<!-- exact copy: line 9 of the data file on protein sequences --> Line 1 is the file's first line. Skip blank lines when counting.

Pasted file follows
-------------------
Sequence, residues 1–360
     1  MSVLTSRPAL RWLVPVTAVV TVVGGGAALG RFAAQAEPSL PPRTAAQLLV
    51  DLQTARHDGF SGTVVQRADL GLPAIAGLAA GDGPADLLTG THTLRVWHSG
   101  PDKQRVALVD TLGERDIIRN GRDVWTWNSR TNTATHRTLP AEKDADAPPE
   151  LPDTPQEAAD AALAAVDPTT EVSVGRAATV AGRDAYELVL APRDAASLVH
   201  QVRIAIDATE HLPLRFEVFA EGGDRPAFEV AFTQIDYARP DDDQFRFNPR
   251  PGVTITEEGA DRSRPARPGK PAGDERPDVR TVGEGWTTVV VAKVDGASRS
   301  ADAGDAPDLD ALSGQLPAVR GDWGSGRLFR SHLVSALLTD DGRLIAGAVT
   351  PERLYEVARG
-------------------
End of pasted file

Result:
   351  PERLYEVARG